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Full-scale Model Vehicles and Scaled Down Vehicles

Matchbox cars the size of real ones; real cars the size of matchbox ones
  [vote for,

A scale model is often smaller than the real thing. Matchbox cars, Dinky toys, Tonka toys or whatever appear at a cursory glance to resemble real vehicles quite closely but clearly they lack engines, electrics and often even working doors, and are only partly made of the same materials. I suggest these models be scaled up to real vehicle size and placed in the likes of car parks, garages, roadsides among their real counterparts with arrangements in place with the appropriate bodies such as councils, traffic wardens, car park authorities and the like.

From a distance, these vehicles will look real. As one approaches them, however, it may or may not become clear that they are to some extent fake due to the likes of perspex/plexiglass windows, General Lee-type doors and plastic tyres, or on the other hand a casual passerby might not even notice. I probably wouldn't. It would be interesting to see how accurate or not the models are compared to the real versions, and add a surreal quality to everyday life. Moreover, to a very limited extent the models would be functional, because they might actually be mobile to some extent. Scaling them up, however, would probably also introduce problems such as weak axles, soft tyres and transparent plastic becoming translucent due to exposure to sunlight.

In the meantime, the vacancies created by scaling up the models could be filled by tiny functional scaled-down vehicles made of authentic parts and materials on a minute scale. I presume these would have to be either electric, hydrogen or LPG-powered, since I imagine either diesel or petrol would be too viscous to function. Such models must correspond to real such vehicles rather than liquid fuel vehicles with replaced parts.

I suspect that a fully-working scaled-down model of a vehicle would be more expensive than a full-size version and that a full-size version of a model would be cheaper than a real version.

They would of course be fully insured and taxed etc. I'm interested in the legal and safety situation with both versions.

nineteenthly, Mar 08 2016

http://www.craftsma...seum.com/Chenot.htm //for practical reasons the engine cannot be run when mounted in the car// [pocmloc, Mar 08 2016, last modified Dec 11 2019]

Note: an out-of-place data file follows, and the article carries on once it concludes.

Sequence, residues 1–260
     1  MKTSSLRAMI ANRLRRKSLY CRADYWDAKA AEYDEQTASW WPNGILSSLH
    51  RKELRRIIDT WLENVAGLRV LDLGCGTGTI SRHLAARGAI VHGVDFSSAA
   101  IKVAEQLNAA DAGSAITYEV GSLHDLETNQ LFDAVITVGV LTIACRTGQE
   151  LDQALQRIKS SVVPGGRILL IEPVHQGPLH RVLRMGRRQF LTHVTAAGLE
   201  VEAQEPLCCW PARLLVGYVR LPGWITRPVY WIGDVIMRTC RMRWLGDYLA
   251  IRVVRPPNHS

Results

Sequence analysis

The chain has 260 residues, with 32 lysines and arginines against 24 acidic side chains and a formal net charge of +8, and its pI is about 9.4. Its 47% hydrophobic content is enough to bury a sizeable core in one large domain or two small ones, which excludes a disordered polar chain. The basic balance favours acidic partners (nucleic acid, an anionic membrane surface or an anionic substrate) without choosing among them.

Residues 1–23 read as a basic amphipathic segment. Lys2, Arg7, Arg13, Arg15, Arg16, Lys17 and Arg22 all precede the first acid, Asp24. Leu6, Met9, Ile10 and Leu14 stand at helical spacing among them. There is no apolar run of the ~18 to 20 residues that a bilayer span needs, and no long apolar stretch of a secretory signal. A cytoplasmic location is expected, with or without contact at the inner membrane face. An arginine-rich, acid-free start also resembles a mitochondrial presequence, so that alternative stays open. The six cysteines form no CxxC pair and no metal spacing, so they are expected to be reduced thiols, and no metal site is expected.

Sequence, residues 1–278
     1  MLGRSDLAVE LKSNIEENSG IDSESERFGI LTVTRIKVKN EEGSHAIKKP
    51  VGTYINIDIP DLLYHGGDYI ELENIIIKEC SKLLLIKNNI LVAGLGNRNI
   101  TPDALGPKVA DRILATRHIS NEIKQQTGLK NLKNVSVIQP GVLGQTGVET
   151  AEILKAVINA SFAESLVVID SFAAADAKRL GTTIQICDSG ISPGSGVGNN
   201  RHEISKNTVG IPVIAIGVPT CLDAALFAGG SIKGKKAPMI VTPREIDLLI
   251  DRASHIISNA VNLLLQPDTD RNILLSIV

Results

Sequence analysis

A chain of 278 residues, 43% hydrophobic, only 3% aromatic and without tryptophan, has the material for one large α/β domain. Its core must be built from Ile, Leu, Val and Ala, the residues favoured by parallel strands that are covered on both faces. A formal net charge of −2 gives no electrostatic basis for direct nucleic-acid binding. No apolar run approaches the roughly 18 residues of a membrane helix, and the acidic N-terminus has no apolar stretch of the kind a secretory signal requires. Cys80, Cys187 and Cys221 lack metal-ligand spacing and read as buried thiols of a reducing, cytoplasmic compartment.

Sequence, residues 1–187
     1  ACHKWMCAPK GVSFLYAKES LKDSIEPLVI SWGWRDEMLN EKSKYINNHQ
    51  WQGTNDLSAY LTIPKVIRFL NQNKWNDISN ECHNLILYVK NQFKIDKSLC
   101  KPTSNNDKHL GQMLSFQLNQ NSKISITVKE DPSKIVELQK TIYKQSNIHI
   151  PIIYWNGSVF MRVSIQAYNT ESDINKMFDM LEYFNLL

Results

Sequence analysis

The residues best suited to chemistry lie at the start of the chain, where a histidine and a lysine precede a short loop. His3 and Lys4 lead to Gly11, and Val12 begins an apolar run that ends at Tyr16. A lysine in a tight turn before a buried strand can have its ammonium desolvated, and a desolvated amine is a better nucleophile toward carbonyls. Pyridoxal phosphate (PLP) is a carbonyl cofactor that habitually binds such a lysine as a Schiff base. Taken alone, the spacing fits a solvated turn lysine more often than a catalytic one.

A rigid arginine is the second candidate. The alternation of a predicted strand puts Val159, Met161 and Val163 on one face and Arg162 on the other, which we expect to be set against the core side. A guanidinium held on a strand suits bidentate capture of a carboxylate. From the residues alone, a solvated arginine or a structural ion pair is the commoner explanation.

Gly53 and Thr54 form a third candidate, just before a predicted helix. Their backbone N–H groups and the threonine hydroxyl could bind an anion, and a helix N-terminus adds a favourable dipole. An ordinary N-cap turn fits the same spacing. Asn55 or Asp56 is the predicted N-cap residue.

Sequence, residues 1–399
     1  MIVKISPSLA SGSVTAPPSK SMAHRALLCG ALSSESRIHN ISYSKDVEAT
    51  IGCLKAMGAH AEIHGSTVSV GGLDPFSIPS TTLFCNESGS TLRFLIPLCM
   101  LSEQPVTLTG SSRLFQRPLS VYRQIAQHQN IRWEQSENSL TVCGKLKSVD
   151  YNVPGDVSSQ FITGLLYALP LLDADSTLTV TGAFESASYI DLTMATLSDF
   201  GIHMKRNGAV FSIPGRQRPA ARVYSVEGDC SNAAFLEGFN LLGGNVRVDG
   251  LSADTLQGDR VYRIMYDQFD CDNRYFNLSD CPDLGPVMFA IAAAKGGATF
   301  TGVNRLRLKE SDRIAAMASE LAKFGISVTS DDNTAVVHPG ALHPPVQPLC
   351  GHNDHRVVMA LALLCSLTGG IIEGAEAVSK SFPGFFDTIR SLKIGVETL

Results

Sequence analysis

I wonder what it runs on https://www.youtube...watch?v=SeUMDY01uUA
[AbsintheWithoutLeave, Apr 13 2016]

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       How about 19:20th scale counterparts of actual vehicles?
You know, just small enough to look not-quite-right.
AbsintheWithoutLeave, Mar 08 2016

       Oh yes, that'd be brilliant! Also, 20:19th scale.
nineteenthly, Mar 08 2016

       Some of the more extreme model engineers have built working scale model cars. The link is the only one I could find from a quick google; and it does not actually work itself though all the components do. I remember reading in one of my grandfather's 1940s or 50s Model Engineering magazines about a person who built a working scale model of an unexceptional production car chassis; the very simple 4 cylinder engine meant that it could be fully functional. I remember the embareassment that the cambelt was impossible to reproduce at that scale, and was replaced by a gear train, which meant that the dipstick (which passed inside the cambelt run) had to be replaced by a fake on the model. Everything else apart from that was entirely correct.
pocmloc, Mar 08 2016

       Also I don't know about motor-cars, but full scale model aeroplanes are built and used for film props. I imagine they are like this, they only have to look convincing at a distance.
pocmloc, Mar 08 2016

       I would expect the size of vehicle concerned there is near the lower limit of what can be done with liquid fuel, or at least with diesel or petrol. I would expect a smaller such engine to have to run on less viscous fuel, for instance because of carburettors and filters, and also that thinner fuel would have other implications. This is why I thought electric or gas-based motors would work better.
nineteenthly, Mar 08 2016


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